I Can't Sleep

Note: This review is from 2009

Review by Steve Bennett

You can see why David O’Doherty might appeal to children: with his soft features, shaggy hairstyle and sloppy demeanour, he’s virtually a breathing cuddly toy.

Youngsters will easily identify with him in I Can’t Sleep, too: a fidgety fun-seeker preferring adventures over the tedium of slumber. So with the aid of the slightly more grown-up Maeve Higgins, and considerable input from the audience, he delays the inevitable bedtime with escapades involving pirates, sharks and dashing princes – invoked with nothing more than a couple of mattresses, their associated bedding, and a whole heap of imagination.

Children are a tough audience, babbling away with their own conversations and commentary with scant respect for what’s going on in front of them. O’Doherty and Higgins ignore the chatter when needs be, while at other times encouraging feedback to help the kids feel part of the show. And the children aren’t backwards at coming forwards with their suggestions, demonstrating just how immersed in the show they have become.

The audience banter is effortless, and neither performer is reluctant to look a fool if that’s what the crowd demands. They play across a wide age range, too – getting a double, or even triple hit with some of the gags – the younger children enjoying a groansome pun, the older ones enjoying the apology for it, and adults enjoying the occasional over-their-heads references to the metaphysical nature of the shenanigans.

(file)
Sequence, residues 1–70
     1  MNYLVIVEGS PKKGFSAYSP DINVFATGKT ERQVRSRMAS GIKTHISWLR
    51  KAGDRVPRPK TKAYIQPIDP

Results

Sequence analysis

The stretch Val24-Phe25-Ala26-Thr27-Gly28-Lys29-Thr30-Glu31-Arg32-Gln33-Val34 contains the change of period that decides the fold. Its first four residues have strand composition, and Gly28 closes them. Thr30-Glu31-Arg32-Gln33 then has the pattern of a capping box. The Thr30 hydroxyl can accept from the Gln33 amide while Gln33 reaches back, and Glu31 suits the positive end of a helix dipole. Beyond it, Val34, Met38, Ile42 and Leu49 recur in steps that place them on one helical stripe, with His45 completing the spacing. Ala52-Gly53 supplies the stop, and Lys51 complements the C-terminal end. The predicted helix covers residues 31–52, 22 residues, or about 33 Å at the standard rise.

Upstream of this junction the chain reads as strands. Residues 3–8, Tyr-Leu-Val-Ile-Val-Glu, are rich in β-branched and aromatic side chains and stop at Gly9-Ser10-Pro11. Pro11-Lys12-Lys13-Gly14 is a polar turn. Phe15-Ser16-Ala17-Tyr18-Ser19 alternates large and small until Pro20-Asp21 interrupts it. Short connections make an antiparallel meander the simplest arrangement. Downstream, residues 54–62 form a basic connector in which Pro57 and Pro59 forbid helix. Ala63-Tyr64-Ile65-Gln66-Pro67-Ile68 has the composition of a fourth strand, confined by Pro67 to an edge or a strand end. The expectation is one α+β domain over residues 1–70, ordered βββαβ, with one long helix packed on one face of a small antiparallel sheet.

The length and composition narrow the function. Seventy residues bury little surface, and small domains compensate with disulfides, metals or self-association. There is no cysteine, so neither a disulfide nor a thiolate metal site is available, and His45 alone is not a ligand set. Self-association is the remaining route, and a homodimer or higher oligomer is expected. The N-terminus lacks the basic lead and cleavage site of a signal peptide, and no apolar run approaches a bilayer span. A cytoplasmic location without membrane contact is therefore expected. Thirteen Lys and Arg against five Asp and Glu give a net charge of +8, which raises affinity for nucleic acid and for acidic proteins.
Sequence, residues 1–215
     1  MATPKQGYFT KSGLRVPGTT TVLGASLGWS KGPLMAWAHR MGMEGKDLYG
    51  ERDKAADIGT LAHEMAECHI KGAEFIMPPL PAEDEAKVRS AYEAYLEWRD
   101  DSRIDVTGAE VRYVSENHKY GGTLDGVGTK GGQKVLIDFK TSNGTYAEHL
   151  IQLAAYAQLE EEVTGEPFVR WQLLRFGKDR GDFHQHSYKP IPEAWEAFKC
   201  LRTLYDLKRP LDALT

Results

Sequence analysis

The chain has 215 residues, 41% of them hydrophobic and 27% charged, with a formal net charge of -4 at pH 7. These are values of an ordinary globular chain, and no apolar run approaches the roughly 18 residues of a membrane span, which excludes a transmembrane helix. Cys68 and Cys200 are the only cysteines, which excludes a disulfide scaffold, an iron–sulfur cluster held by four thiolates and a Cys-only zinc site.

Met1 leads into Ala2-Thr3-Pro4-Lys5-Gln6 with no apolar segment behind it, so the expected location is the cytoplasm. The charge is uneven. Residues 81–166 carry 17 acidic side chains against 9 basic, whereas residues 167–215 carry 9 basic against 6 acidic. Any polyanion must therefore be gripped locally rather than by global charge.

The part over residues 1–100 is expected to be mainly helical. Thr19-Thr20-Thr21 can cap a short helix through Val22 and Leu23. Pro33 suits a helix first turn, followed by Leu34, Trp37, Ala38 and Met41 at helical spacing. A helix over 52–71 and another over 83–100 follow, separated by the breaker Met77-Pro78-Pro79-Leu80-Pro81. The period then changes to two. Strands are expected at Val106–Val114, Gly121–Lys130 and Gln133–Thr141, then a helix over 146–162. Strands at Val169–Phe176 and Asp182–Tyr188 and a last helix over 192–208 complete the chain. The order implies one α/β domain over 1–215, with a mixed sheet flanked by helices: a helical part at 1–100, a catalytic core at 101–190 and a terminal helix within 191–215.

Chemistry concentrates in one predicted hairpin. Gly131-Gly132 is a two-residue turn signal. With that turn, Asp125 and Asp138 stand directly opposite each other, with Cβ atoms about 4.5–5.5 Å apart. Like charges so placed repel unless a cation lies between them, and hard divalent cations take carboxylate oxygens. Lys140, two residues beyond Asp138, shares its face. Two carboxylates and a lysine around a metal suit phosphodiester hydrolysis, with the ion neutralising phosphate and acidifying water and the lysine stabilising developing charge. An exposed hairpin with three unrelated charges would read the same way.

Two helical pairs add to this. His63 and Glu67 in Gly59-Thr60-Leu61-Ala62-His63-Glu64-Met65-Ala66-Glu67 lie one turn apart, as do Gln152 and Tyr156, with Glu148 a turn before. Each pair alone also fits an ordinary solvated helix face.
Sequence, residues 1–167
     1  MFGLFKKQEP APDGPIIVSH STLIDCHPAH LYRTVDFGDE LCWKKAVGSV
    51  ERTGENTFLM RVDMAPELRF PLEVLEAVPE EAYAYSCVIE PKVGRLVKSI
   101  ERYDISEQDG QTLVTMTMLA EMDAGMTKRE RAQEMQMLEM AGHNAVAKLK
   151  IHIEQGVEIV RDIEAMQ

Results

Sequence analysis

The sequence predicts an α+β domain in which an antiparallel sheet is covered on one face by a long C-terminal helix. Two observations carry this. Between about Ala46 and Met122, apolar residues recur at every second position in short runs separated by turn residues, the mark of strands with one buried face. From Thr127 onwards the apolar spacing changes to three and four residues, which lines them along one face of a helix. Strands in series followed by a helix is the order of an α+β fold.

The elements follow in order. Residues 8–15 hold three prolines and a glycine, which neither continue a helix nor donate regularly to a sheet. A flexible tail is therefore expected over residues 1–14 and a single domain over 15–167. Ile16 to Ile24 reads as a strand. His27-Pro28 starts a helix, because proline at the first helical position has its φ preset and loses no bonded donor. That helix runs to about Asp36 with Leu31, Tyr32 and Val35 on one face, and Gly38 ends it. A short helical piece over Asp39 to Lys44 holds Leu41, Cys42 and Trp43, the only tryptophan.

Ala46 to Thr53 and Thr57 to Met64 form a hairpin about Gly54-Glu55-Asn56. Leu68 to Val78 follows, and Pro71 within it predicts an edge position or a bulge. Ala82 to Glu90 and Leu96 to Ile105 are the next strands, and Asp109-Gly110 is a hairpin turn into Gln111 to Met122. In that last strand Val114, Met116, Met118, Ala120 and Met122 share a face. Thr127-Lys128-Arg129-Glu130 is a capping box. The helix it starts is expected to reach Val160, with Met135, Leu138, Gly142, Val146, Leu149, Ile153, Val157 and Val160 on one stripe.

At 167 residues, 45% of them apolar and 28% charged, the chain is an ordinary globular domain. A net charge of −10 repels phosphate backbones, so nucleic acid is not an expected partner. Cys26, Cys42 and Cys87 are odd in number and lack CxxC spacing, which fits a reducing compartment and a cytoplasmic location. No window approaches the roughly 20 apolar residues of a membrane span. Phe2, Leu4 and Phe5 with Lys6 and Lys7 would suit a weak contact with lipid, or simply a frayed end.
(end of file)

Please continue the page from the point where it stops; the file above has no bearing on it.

But such mentions are only a tiny part of the restless slapstick, where pillow-fights are more important than punchlines. It’s a world of escapist adventure with which every child can easily identify, which is why this is such a fun-filled 45 minutes for them all.

Reviewed by: Steve Bennett
Melbourne, April 2009

Review date: 1 Jan 2009
Reviewed by: Steve Bennett

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